**Criminology at Newman University** explores the notion of crime and examines how the criminal justice system operates from a critical perspective. As a student at Newman, we will expect you to use your life experiences and studies to answer a range of questions: What constitutes crime? Who decides if something should be a crime? Is crime the product of social factors or individual psychology? Is the law enforced equally? What is the purpose of punishment? How can we best respond to youth violence? Are young people wrongly linked with violent crime?
Our small classroom sessions are complemented by a range of fascinating field trips â to observe courts, to see behind the scenes at a police custody suite and to visit the National Holocaust Centre. You will visit criminal justice agencies and be asked to rethink what you understand by crime, criminal justice and criminology. You will have opportunities to get directly involved throughout the course too, by assisting with activities inside prisons and working with community groups and campaigners seeking justice for people who have died in custody. You will regularly hear guest speakers from the media, voluntary organisations, police and prison staff, and have the chance to meet and talk with ex-prisoners, magistrates and internationally renowned academics. Above all, you will be part of a learning community â students and lecturers as partners working together â seeking to understand the full range of crimes and social harms that affect the wider community.
You will be taught by a team of committed research active staff who have written and published internationally in areas such as prisons, the police, and youth violence, and who are committed to supporting you personally as you move through the course.
- Currently we have two university-funded collaborative projects where students are being paid to undertake research with staff.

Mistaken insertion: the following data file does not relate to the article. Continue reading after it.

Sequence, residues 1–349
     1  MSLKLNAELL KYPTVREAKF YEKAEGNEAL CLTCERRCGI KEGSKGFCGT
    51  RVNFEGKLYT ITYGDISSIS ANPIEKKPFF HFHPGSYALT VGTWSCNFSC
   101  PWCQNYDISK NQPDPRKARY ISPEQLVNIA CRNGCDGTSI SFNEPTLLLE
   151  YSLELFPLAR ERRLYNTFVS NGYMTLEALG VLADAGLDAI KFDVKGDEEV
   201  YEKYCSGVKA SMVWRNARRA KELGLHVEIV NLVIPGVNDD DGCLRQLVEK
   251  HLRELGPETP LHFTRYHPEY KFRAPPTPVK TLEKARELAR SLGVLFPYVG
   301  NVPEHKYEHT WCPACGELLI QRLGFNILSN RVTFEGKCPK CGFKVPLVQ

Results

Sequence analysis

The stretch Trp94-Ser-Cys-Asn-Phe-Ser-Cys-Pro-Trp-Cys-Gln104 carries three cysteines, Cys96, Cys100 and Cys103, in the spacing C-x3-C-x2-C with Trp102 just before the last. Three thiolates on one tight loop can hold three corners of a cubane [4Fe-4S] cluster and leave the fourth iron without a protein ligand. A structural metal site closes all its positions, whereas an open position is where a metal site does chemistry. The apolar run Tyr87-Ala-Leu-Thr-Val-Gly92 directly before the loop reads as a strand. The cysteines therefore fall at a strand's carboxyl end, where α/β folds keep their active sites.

- In your first year, you will be involved in practical research working with other students on a joint project.
- During your second year you will undertake a work placement providing you with valuable vocational experience.
- In your third year you can focus on your own areas of interest by choosing from a range of option modules and undertaking your own research.
Criminology students will leave equipped with the skills to thrive in a variety of work situations. There is a wide range of possible career destinations where graduates find themselves able to be a force for change and influence including: probation, policing, victim support, youth offending, crime analysts, local government, and in the voluntary and private sectors.
For a comprehensive and up-to-date list of modules for Years 1, 2, and 3 of the course, please visit the **BA (Hons) Criminology** page of the **Newman University** website.
For a list of modules for years 1, 2, and 3 of the degree please visit the Criminology page on the Newman University website. We pride ourselves on giving good academic and individual support to each of our students. Teaching is varied and assessment is much more than just essays and exams, involving coursework, presentations, case studies authentic scenario-based modes.
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